Murphy, Hesse, Toomey & Lehane, LLP Partner Awarded Favorable Decision in Arbitrability
Attorney Michael Maccaro, a Partner at Murphy, Hesse, Toomey & Lehane, LLP, represented the City of Methuen on an arbitrability issue, and was awarded a favorable decision on June 23, 2021. The issue, brought forth by the opposing party, pertained to the grievance concerning the layoff of three permanent intermittent officers. On July 8, 2020, the three grievants, all hired by the City pursuant to Ch. 201 of the Acts of 1945, were informed by written notice that the City would be laying them off effective July 31, 2020. A grievance was later filed by the Union on August 3, 2020. The Arbitrator assigned to the case directed the parties to file briefs on arbitrability for his review.
The Union made several arguments against the City in an effort to prove the grievance is substantively arbitrable. Among those arguments they emphasized that the City voted to rescind the provisions of Ch. 201 in February 2021. However, since that occurred after the separation of employment and has yet to be finalized, Ch. 201 remains in force and effect. Additionally, the Union argues that the grievants should fall under the purview of the collecting bargaining unit, but permanent intermittent officers are not referenced in said bargaining unit; therefore, they fall under the purview of Ch. 201 of the Acts of 1945, which states “Any ember of said permanent intermittent police force may be removed by the selectmen at any time for any reason satisfactory to them…” This statement still applies to the City because although they are governed by a city council instead of a board of selectmen, they converted governance from a town to a city and Ch. 201 has the ability to pass to the new form of government. After reviewing both parties’ briefs, the Arbitrator found the Union’s arguments to be without merit, and awarded the following: “The grievance concerning the separation from employment of three permanent intermittent police officers from the City of Methuen is not substantively arbitrable.”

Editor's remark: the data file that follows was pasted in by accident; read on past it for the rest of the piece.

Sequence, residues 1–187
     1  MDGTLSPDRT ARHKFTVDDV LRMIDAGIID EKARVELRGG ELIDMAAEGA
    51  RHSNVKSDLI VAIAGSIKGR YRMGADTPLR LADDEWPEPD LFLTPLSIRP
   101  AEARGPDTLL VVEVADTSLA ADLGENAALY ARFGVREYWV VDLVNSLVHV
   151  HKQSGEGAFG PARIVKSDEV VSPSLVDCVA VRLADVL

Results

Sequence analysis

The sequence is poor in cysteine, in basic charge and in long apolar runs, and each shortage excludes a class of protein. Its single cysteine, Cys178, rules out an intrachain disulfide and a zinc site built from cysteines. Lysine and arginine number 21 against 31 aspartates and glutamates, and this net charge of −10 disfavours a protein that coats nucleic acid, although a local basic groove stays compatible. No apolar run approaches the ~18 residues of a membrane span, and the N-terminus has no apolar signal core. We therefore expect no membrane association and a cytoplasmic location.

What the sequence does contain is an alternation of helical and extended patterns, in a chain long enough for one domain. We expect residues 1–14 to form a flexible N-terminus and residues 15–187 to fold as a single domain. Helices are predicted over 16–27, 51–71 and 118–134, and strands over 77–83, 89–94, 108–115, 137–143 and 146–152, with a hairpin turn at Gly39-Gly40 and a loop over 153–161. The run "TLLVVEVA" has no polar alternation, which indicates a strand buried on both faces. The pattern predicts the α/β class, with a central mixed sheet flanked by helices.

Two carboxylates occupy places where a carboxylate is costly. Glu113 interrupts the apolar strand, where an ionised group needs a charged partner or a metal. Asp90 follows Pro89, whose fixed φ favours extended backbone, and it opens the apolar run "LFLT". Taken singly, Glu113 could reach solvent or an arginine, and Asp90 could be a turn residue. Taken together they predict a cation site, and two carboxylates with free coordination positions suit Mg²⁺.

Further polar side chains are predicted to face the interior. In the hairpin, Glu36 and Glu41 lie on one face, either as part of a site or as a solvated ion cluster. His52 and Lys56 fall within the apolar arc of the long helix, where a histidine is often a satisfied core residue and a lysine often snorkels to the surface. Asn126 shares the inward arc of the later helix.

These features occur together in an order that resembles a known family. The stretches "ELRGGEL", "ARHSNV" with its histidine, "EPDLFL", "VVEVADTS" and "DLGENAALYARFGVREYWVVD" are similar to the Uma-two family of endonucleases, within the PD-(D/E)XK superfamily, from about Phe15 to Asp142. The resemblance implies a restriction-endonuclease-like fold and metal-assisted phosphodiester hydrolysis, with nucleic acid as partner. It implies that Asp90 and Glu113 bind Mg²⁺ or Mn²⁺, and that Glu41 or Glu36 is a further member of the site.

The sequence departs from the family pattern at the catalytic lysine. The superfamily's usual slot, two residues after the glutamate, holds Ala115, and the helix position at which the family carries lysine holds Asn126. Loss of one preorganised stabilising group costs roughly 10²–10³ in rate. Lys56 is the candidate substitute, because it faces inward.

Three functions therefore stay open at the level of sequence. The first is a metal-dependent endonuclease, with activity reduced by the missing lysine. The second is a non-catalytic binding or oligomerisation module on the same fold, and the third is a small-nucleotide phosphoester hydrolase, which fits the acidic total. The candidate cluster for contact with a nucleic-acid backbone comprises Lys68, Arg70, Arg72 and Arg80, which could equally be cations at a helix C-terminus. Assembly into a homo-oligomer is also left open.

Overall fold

Michael Maccaro’s practice is focused on the areas of labor and employment in the public and private sector, litigation, and employee benefits. Prior to joining Murphy, Hesse, Toomey & Lehane, LLP, Mr. Maccaro served as Associate General Counsel for a large public sector labor union. He has litigated numerous matters, negotiated hundreds of contracts and has argued before various state courts, appellate courts, and administrative agencies throughout New England. Mr. Maccaro has served as an Adjunct Professor at the Massachusetts School of Law where he has taught legal writing and appellate advocacy. He is the 2019 recipient of the Cushing-Gavin Award for excellence in providing management labor relations legal counsel. Attorney Maccaro is also involved with training new lawyers on arbitration best practices. He graduated from Bates College in 1996 with a Bachelor of Science degree in Biological Chemistry and received his Juris Doctor in 2004 from Northeastern University School of Law.
Attorney Felicia Vasudevan, a partner at Murphy, Hesse, Toomey & Lehane, LLP, received a favorable decision on behalf of her client, Marshfield Public Schools. The Plaintiff appealed the district court’s judgement that upheld a decision of the Massachusetts Bureau of Special Education Appeals (“BSEA”). However, as the notice was filed more than 30 days after entry, the First Circuit ultimately dismissed the appeal for being untimely. The Plaintiff also appealed the district court’s order, denying her motion to vacate. Read More
Following our Alert from March 16, 2023, Civility is Dead – The Supreme Court Rules Municipal Control of Public Speak Limited to Reasonable Time/Place/Manner Restrictions, which discussed the holding to the Supreme Judicial Court’s decision in Barron v. Kolenda and the Town of Southborough (SJC-13284), we promised to bring you more detailed guidance on developing a Public Speak policy for your public body or municipality. The Barron case involved a constitutional challenge to the Town of Southborough’s public comment policy, which attempted to impose a code of civility on members of the public who participated in public comment before public bodies. In Barron, the court interpreted the state constitution to mean that public bodies may request, but not require, that public commentators be respectful and courteous. Instead, a public body may set restrictions on reasonable time, place, and manner comments to ensure that the meeting retains an orderly and peaceable manner.